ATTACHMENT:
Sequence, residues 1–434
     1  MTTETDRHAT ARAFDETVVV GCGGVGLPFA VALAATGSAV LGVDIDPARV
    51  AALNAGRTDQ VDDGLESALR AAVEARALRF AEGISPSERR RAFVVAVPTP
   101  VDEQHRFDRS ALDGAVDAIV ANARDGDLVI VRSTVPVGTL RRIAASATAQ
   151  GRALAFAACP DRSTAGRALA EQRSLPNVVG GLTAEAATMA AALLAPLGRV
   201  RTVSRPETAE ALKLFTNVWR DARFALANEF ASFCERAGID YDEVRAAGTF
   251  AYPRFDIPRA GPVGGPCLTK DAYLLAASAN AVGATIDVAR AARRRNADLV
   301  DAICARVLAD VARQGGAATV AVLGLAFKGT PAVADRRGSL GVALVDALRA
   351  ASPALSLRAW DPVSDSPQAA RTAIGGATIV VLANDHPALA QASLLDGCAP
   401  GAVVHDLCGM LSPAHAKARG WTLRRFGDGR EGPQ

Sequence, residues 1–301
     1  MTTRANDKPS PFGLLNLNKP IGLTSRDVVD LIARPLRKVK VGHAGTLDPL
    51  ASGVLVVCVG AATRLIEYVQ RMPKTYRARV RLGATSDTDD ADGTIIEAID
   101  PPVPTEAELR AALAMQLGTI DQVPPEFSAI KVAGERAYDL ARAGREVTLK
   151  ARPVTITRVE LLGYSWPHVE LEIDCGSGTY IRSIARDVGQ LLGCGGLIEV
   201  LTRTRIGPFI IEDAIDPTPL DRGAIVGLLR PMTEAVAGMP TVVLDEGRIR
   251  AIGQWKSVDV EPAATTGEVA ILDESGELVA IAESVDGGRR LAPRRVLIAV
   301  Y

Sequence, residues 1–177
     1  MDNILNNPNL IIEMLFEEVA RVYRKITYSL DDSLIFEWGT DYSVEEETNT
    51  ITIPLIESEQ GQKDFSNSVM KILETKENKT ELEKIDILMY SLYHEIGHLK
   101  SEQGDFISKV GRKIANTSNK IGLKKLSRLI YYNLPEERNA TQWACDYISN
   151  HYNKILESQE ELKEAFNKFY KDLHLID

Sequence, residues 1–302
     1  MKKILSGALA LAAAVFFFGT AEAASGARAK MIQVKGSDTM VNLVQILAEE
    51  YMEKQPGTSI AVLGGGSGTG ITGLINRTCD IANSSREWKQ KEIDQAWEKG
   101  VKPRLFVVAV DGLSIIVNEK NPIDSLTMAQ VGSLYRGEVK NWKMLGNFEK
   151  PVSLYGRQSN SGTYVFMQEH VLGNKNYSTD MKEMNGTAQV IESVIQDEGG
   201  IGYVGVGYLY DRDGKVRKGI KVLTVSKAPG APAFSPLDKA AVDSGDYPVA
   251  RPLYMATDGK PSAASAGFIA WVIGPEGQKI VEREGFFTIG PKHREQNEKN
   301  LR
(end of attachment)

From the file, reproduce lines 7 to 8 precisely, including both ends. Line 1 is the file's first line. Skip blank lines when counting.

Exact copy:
   251  AYPRFDIPRA GPVGGPCLTK DAYLLAASAN AVGATIDVAR AARRRNADLV
   301  DAICARVLAD VARQGGAATV AVLGLAFKGT PAVADRRGSL GVALVDALRA